By Bridget Coughlin
Natalie Kruse started taking classes at Ohio University when she was just 11 years old and later attended full-time as a Drs. Cruse W. and Virginia Patton Moss-Cutler Scholar. After finishing a degree in civil engineering at 20, she obtained her Ph.D. from Newcastle University in northern England and has completed extensive research on underground mines, watershed management and post-industrial pollution, as well as worked for companies around the globe.
Kruse, a new assistant professor this quarter in the Voinovich School of Leadership and Public Affairs, spent her summer in the U.K., finishing research on the sustainability of biofuels in rural Asia and Africa and food security in Southern Africa. She also did research on the longevity of mine water treatment systems and potential solutions for improving aging treatment systems.
After her time in England, Kruse was ready to bring her knowledge and experience back to her hometown.
"I have been a lot of places, but my real passion is to work on post-industrial pollution in rural areas," Kruse said. "There is a huge environmental problem, right in our backyard. A lot of people don't know it's there, but it really impacts the quality of life for people here."
Kruse returned to Athens just before fall quarter classes began, and hopes to use her recent research to improve the quality of life for those in the Athens community, specifically dealing with her experience and research with the effective and efficient design of acid mine drainage treatment systems.
"If we design them better, we can hopefully have more reliable, long-term solutions," Kruse said.
The overall goal of Kruse's research is to improve the environment in mining and industrial communities through better design and use of data. Kruse said that working with community members is central to this goal.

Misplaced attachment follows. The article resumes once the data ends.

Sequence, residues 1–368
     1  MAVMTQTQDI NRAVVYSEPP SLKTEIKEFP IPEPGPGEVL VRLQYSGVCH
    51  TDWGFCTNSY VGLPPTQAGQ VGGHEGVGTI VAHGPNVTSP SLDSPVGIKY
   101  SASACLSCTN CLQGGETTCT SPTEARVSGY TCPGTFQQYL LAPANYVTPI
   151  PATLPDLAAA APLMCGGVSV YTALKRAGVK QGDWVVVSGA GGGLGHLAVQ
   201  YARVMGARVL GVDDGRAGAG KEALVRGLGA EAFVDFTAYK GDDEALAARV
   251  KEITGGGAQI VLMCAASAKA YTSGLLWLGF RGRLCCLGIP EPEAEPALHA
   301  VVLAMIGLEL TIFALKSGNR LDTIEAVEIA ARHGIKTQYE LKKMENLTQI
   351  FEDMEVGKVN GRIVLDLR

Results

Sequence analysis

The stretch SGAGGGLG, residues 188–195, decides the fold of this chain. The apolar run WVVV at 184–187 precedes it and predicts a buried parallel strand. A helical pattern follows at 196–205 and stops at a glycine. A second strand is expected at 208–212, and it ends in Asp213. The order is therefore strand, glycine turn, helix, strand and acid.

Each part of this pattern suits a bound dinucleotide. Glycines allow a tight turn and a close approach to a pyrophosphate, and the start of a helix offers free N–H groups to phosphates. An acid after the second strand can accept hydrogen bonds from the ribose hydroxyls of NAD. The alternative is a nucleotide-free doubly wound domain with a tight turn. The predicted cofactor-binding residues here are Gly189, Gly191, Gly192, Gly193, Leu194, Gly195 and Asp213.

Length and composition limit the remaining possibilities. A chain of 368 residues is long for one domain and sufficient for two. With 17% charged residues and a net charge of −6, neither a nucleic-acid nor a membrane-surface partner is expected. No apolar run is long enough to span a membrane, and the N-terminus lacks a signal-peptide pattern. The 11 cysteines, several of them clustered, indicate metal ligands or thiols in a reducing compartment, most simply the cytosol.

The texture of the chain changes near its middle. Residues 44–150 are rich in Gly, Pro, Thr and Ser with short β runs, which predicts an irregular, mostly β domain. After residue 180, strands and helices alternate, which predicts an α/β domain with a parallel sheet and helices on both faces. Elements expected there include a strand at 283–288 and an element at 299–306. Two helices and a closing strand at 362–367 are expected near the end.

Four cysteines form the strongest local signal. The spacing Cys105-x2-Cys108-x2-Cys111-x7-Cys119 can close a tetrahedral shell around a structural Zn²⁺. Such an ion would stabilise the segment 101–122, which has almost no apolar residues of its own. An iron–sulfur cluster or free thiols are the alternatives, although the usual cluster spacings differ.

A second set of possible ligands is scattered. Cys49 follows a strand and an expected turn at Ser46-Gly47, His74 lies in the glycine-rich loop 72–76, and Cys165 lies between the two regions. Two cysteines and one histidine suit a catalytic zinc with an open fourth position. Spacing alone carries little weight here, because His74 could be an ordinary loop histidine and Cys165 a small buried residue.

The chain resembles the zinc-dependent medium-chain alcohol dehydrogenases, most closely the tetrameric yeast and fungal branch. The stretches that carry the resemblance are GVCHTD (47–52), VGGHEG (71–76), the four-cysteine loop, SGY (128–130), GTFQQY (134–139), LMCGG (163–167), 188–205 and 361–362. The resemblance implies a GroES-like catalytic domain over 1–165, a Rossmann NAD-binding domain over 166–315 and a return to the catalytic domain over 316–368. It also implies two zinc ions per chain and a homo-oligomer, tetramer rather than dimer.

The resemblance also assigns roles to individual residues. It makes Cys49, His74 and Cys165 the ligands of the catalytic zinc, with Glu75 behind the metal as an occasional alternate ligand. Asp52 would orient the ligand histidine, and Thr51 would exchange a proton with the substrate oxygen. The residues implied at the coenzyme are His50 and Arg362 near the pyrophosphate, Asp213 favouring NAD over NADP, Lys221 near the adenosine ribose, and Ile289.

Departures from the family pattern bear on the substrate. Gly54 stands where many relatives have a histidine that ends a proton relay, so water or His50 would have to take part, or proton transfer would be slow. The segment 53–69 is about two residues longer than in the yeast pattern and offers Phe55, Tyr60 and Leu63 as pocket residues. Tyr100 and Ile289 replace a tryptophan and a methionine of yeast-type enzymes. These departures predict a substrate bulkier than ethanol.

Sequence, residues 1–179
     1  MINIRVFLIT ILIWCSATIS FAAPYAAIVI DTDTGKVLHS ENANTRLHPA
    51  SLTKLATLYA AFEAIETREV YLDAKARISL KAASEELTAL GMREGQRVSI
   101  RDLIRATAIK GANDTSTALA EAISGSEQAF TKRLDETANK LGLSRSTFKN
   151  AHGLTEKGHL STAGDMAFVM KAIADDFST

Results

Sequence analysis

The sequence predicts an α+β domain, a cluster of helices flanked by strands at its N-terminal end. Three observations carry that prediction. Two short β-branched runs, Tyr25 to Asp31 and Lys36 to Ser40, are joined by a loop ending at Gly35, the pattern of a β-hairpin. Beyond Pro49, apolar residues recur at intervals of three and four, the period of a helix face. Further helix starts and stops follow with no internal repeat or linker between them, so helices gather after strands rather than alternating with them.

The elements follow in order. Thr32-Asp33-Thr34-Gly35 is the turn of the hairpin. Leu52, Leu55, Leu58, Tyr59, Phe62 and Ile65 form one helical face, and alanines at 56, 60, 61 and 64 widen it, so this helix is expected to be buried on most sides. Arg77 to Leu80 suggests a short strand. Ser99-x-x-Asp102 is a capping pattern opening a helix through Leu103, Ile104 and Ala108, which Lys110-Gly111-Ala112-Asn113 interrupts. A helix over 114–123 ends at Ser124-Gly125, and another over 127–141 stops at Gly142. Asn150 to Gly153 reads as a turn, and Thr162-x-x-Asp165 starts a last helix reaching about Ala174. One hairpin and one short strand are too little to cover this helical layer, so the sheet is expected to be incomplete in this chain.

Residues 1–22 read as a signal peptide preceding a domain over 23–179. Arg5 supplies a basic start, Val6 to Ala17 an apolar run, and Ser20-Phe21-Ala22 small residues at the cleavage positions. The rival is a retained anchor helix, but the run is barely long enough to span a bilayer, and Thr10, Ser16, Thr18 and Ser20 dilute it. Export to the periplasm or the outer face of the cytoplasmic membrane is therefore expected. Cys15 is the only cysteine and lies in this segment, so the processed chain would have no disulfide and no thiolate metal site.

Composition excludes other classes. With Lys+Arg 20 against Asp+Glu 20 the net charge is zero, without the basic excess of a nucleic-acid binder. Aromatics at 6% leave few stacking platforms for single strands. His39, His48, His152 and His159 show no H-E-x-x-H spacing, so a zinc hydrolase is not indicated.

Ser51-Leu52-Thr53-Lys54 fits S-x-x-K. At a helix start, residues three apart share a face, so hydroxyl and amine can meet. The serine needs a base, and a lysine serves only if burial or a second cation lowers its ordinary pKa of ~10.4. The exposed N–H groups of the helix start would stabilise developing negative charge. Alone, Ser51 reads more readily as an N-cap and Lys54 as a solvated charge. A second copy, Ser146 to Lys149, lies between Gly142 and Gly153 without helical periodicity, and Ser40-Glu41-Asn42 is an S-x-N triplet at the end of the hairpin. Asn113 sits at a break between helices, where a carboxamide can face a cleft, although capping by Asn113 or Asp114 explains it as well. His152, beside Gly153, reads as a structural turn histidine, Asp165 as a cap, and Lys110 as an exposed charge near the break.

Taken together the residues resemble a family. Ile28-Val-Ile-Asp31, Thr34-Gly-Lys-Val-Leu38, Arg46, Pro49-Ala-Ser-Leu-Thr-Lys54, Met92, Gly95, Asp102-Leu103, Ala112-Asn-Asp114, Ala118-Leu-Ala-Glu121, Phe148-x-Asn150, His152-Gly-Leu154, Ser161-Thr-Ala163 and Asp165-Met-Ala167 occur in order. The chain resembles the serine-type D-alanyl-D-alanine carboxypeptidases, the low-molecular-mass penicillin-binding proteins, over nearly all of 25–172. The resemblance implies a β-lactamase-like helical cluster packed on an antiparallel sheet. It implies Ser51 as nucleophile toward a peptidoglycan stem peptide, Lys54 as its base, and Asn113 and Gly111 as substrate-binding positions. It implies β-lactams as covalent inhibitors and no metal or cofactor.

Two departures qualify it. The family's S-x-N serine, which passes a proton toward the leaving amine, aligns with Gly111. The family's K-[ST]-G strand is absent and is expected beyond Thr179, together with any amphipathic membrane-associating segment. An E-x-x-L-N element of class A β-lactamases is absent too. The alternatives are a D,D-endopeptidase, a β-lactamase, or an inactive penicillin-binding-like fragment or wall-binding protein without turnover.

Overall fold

"My approach to this work is to quantify the basic chemical, physical and biological processes that control environmental remediation to create simple, yet effective design solutions," Kruse said. "Better design of low-cost, low-energy treatment systems for mine water and industrial drainage will not only reduce the contaminant load into streams and rivers but will also help to reduce the energy consumption of the wastewater treatment industry.
"My hope is that advances in low-energy treatment of mine waters can help to inform similar technologies for industrial wastewater and sewage treatment," she added.
Even though Kruse is only 25 years old, she has known her passion since she was a child when her friend and mentor, the late Mary Stoertz, first sparked her interest in rural environments and post-industrial pollution.
"When I was 10 or 11, she (Stoertz) took my brother and I to a few different mining sites to take water samples and measure some water quality characteristics, then to a water education day in New Straitsville," Kruse said. "I was fascinated by what was happening in the region and how widespread the problem was and how close to home it was."
Stoertz, a former associate professor in the Department of Geological Sciences, worked with Kruse closely throughout Kruse's undergraduate career. Kruse was even invited to present research at a conference Stoertz orchestrated.
"We spent a lot of time together during my undergrad and she was a great help to me when I applied for scholarships for both my undergrad and Ph.D.," Kruse said. "The research that later formed my PhD dissertation grew from a conversation that we once had about research ideas and directions that we would like to go."
Kruse's family is very involved in the Ohio University community as well. Her father, Hans Kruse, is a professor in the McClure School of Information and Telecommunication Systems. Her mother and her older sister each have degrees from Ohio University, and two of her younger siblings are currently enrolled in the university.
"I am of course delighted that Natalie has chosen to begin her faculty career at OU," said her father, Hans Kruse. "Not just because it means her return to Athens, but also because I know in her OU is gaining a skilled researcher who will contribute greatly to the university, the region and her field in general."